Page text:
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In Her Shoes Reviews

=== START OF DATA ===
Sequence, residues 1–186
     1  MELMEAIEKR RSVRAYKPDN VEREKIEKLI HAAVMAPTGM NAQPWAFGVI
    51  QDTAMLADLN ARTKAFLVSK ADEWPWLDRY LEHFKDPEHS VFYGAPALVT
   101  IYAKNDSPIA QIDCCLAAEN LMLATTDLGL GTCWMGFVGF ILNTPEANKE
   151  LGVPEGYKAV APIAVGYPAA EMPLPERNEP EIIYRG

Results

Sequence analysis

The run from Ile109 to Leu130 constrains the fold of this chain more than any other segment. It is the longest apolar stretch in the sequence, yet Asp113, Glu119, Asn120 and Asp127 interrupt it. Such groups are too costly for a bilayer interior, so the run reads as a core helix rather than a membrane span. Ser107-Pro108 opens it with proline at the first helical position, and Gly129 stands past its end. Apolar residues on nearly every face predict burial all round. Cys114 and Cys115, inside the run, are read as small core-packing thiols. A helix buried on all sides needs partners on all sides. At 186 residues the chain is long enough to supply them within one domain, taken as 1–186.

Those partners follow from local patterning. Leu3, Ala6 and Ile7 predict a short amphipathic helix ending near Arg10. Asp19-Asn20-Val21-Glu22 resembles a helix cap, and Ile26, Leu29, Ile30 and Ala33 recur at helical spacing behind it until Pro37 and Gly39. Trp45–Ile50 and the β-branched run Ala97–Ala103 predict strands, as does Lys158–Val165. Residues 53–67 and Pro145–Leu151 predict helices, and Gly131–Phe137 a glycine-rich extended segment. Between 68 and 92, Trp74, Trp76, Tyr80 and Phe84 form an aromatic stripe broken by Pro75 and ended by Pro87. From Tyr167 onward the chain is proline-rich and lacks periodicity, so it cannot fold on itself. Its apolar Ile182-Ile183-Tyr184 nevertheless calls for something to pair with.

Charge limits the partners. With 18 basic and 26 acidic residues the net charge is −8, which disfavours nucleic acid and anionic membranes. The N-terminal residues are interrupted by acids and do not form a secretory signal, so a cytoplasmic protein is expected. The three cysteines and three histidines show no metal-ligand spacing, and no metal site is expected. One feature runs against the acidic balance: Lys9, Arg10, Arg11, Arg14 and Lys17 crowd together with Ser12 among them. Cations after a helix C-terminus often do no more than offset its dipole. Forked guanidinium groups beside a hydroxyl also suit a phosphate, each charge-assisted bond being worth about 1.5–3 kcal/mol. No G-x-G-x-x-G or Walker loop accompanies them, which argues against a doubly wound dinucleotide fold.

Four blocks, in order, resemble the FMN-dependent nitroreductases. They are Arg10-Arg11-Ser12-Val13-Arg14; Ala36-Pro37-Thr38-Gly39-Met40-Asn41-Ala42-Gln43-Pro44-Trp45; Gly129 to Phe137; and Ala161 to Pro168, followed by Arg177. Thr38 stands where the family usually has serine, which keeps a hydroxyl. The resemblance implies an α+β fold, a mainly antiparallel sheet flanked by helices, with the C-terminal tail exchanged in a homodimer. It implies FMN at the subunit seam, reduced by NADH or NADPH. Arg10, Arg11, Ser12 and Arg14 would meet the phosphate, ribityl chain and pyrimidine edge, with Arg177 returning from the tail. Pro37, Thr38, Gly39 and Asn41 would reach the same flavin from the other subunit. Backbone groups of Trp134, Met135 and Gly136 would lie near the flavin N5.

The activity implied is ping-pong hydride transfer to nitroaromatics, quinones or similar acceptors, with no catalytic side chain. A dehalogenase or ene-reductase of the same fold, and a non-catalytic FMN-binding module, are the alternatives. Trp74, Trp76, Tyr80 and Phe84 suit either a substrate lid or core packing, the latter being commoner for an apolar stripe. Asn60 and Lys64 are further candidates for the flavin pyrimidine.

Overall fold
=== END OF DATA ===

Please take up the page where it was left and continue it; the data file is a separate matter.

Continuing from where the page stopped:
Adapted from the chick-lit favorite by Jennifer Weiner, this seriocomic sob story of wildly different sisters and their estranged grandmother is a throwback to old-fashioned melodramas about the family ties that bind. Once upon a time, Curtis Hanson's sure-handed storytelling and the cast's rock-solid performances would have been taken for granted. But in an era when mainstream American filmmakers seem to have lost the knack for making movies about friendship and family that are neither slapstick nor self-conscious pastiche, its matter-of-fact competence is a minor miracle. Smart, successful, responsible, frumpy Rose Feller (Toni Collette, who gained some 25 lbs. for the role), a Philadelphia lawyer, has been looking after her gorgeous, irresponsible, barely literate younger sister, Maggie (Cameron Diaz), since they were motherless girls. Rose bails Maggie out of drunken scrapes, props her up when she loses yet another dead-end job and takes her in when their status-conscious stepmother (Candice Azzara) throws her out on the street. After Maggie humiliates herself at her 10th high-school reunion by passing out in a rest room during a sloppy, alcohol-fueled hookup, Rose lets her move in yet again, on the condition that Maggie shape up and get a job. Maggie doesn't, of course; she leaves the apartment a frat-house mess, borrows Rose's car and gets it booted, raids her shoe closet and, worst of all, sleeps with Rose's new boyfriend — the first man her workaholic sister has dated in ages. Tearful and at the end of her tether, Rose throws Maggie out and takes a good, hard look at her own life. She quits her high-pressure, unrewarding job and becomes a dog walker; starts dating former coworker Simon (Mark Feuerstein) — who thinks she's beautiful — and even loses some weight, not by dieting but by running after dogs and laying off the midnight tubs of double-depression crunch ice cream. Maggie, meanwhile, makes her way to Florida, where she moves in with (or, more correctly, moves in on) Ella (Shirley MacLaine), the maternal grandmother who disappeared from Rose's and Maggie's lives after their mother died in a single-car accident. By the time all the skeletons are out of the family closets and the raveled relationships knit up, the sisters are reconciled and forgiveness has rained over all concerned like wedding-procession rice. And it's wonderfully satisfying: Collette, MacLaine and Diaz are exceptional, and the mix of humor and heartbreak is perfectly calibrated.